- Eileen: In my first round of reintroductions I successfully added eggs, homemade chocolates, and small amounts of nuts/seeds back into my diet. Later, I added occasional white rice cooked in bone broth. The reintroductions that failed were nightshades and dairy (including ghee). I stayed with those reintroductions for years. Then, after making the decision to go on medication and achieving remission for the first time, my food tolerance expanded. I’m now able to have occasional dairy and nightshades which is a true pleasure, but I don’t make them a regular part of diet. I enjoy them as treats. While Jaime and Kate were able to reintroduce starches back into their diet, I do best on a low to moderate starch diet. I tolerate more starch now than I did 7 years ago, but if I eat too much at once or too many days in a row, my inflammation will increase.
- Why reintroduce foods at all? (1) Increased food freedom which makes travel, socializing, and meal planning easier. (2) Increased nutrient-density, because every food has a unique nutrient profile. If it’s not inflammatory for you, it can be a positive for your health. (3) The joy of adding new flavors to your life. (4) Also, when a food reintroduction fails, while grief is part of the process, knowledge is power. It lets you know which foods are connected to which symptoms.
- Paleo AIP Reintroduction Series (includes articles, podcasts, and interviews)
- What’s Up With White Rice?
- Soy-Free Eggs Online
- The Great Starch Experiment
- Navigating Setbacks (1:01:20)
- Kate: She recently experienced illness followed by travel, which led to some hair loss from the stress. She stopped the desserts and stepped up the nutrient-density, eating more liver, fermented foods, bone broth, and broccoli sprouts (her personal healing superfoods). She finds she recovers much more quickly with this extra focus on self-care.
- Jaime: Like Kate, she increases her nutrient-density if she experiences illness, flares, or added stress. She removes the “filler” foods that are neither negatives nor positives in her diet, and replaces them with healing foods instead, like liver, fermented foods, bone broth, and a wide variety of vegetables. She also tries to stay tuned into her body, catching the first hint of a problem before it reaches a crisis point. This knowledge is one of the gifts of following this lifestyle long-term. She starts her intervention early, using healing foods as a prevention as much as a treatment.
- Eileen: I do the same as Kate and Jaime, and in addition to focusing on nutrient-density, the variety of foods I eat is quite different when I’m in remission vs. a flare. I go back to avoiding all nightshades and dairy, sticking to the foods my body tolerates easily.
- Healing isn’t a permanent state. It’s a process, and part of being human is that we all have ups and downs, whether they be illness, flares, or times of extra stress. Don’t judge yourself for the setback. Simply support yourself through it.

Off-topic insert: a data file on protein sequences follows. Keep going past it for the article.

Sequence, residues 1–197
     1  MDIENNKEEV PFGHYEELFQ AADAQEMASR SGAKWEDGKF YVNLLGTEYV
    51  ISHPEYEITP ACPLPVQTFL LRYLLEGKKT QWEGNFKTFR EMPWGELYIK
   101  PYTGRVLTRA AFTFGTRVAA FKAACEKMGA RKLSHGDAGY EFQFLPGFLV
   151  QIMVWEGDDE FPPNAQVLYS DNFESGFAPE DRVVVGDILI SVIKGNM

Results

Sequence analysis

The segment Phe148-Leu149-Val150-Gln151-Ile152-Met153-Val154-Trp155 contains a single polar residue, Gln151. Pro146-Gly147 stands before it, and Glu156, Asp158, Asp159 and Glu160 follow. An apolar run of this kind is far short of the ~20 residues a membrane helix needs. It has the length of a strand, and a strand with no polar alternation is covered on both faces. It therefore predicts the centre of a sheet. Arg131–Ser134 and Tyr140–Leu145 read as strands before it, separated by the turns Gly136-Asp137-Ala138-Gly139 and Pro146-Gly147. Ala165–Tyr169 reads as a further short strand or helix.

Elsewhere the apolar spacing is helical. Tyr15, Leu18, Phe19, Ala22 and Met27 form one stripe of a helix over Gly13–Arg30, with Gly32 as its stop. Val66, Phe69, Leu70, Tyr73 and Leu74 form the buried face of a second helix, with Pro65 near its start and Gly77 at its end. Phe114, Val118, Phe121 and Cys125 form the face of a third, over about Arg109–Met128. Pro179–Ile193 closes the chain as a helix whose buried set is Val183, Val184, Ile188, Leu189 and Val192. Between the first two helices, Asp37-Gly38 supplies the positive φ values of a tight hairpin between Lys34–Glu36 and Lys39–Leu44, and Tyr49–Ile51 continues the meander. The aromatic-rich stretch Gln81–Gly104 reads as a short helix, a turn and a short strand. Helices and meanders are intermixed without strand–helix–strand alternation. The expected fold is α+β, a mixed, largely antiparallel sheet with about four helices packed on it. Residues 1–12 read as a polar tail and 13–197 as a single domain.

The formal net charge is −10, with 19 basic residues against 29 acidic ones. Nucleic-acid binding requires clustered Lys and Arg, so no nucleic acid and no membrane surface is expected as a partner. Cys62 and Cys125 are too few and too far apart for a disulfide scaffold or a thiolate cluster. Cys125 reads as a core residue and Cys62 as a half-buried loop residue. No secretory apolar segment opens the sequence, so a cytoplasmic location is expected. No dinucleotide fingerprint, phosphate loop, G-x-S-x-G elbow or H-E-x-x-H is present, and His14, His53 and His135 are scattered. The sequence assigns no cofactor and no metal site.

- It’s Not All About the Food (1:07:23)
- Kate: When she first tried meditation, she didn’t like it all. But recently, she’s come to love it. It makes her feel more grounded, calm, and content throughout the day. Kate has a free guided meditation available through her website. She also has a bedtime routine which includes putting on amber glasses, listening to Jai-Jagdeesh, and doing 4-7-8 breathing to help her wind down for sleep.
- Jaime: Diet took her a long way, but it was getting a handle on stress and optimizing sleep that took her health to the best level she’s seen in decades. Quitting a high-powered job that involved lots of travel, and finding a job more conducive to a healthy lifestyle was a big part of that process.
- Eileen: In addition to what Kate and Jaime have already shared, one lifestyle change I love is taking one internet-free day every week (no computer and no smartphone). I reach a level of relaxation that is deeper than any other day. I’m also making more room for play and imperfection.
- Baby Steps to Lifestyle Changes:
- Stress: Start by identifying how stress appears in your life. That’s the first step in making choices to eliminate it where you can, and manage what remains.
- Sleep: Start by getting yourself on a consistent bedtime and waketime schedule, 7 days a week. This optimizes circadian rhythms which make it easier to fall asleep and stay asleep, and also supports your health overall.
- Deep Breathing: Left nostril breathing activates the relaxation response in the body, which supports digestion.
- Meditation: Listen to Ep. 91: Meditation for Fidgety Skeptics. It includes lots of tips for beginners.
- Outro (1:18:10)
- Kate Jay is an AIP Certified Coach and Nutritional Therapist. You can reach her through her blog, Healing Family Eats, where she also posts delicious AIP-friendly recipes.
- Jaime Hartman is also an AIP Certified Coach and Nutritional Therapist. You can reach her through her blog, Gutsy By Nature, where she also posts delicious AIP-friendly recipes.
- Eileen (your podcast host) is the author of multiple books, written to help people thrive with autoimmune disease. Learn more on the Books Page.
- If you like this podcast, follow or subscribe through your favorite podcast app. You can also subscribe to Eileen’s biweekly newsletter.
- Check out the entire archive of podcast episodes.